Sandoval understands the public health measures in place, but wants places deemed non-essential businesses to have the autonomy to reopen when they please.
‘We can do this in a safe manner. We can open up small businesses, and all businesses in the state, to operate just like the big box stores, with proper safety practices, proper social distancing,’ said Sandoval.
Gov. Grisham’s administration released a statement condemning the protest as it is in violation with current COVID-19 safety guidelines.
‘Mass gatherings are dangerous and in violation of the public health order,’ it read.
‘We want any New Mexican who is upset about the state’s efforts to limit illness and prevent mass death to find safe and non-dangerous ways to exercise their first amendment right to protest, one of many rights we are all grateful to have, none of which are infringed upon by the necessary actions the state has taken to slow the spread of COVID-19 and save the lives of New Mexicans.’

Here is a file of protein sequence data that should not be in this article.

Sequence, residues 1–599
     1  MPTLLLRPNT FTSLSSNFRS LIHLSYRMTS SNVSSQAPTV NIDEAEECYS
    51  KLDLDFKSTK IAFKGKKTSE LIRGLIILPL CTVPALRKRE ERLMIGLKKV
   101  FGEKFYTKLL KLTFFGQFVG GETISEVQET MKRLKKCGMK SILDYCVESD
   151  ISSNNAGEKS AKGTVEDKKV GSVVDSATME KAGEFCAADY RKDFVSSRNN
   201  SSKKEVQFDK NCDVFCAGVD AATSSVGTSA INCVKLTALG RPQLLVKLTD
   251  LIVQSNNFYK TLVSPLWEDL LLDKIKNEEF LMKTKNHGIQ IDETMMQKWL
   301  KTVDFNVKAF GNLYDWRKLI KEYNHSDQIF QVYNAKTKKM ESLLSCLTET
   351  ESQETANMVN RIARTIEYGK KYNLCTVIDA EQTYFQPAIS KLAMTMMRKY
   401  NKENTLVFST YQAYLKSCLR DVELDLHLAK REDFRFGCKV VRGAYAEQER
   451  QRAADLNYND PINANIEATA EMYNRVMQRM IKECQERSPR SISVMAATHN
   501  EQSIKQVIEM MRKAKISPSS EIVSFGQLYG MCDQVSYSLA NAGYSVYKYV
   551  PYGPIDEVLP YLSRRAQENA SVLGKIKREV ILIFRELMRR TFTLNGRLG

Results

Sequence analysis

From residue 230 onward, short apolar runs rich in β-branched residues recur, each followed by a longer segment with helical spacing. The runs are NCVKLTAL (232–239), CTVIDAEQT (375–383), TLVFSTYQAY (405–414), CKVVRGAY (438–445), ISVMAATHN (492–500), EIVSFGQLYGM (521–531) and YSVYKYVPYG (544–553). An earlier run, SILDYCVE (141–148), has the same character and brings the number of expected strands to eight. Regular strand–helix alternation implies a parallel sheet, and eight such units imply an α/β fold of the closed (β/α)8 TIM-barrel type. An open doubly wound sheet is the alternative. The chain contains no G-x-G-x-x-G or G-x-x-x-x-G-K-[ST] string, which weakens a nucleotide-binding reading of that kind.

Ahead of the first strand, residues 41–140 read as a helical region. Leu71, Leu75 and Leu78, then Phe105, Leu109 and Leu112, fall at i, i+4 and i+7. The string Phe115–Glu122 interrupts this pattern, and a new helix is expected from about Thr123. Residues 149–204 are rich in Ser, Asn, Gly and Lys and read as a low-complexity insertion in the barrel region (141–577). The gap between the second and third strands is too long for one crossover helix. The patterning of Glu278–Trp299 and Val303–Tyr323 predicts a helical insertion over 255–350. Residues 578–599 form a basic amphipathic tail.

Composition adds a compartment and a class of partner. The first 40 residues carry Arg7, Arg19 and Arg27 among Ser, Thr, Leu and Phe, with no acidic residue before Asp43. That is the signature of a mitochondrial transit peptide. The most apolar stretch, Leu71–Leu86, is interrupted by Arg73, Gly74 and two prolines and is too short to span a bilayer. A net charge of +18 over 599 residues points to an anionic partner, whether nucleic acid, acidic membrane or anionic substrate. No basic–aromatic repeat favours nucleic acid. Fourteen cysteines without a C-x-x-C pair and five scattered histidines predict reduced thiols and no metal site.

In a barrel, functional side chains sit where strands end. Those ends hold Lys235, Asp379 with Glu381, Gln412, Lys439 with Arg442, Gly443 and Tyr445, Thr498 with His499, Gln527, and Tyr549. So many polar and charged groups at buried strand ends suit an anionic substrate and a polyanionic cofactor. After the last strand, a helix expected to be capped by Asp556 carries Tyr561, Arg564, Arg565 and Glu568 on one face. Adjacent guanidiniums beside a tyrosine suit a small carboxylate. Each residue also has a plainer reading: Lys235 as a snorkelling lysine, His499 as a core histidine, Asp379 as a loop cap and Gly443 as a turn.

New Mexico had 2,397 confirmed COVID-19 cases and 78 deaths so far.
Meanwhile, some states have already begun to partially reopen some retailers and other sectors.
Trump unveiled a three-phase guideline in response to re-opening the economy, but ultimately said governors will decide when it’s safe tor reopen state economies.
Texas announced that it would be the first state to re-open amid the COVID-19 pandemic, with Georgia, South Carolina, Oklahoma, Colorado and Tennessee following suit.
Texas re-opened state parks on April 20 and retailers have been given the OK to re-open on April 24.
Georgia Gov. Brian Kemp of Georgia revealed that state would re-open gyms, barbershops and nail salons next week.
Trump said he ‘strongly disagreed’ with Kemp’s move to re-open Georgia so soon and that it was in ‘violation of the Phase I guidelines.’
The guidelines suggest that states should record two weeks of declining cases before reopening.
None of the states that are reopening have yet to record such a decline.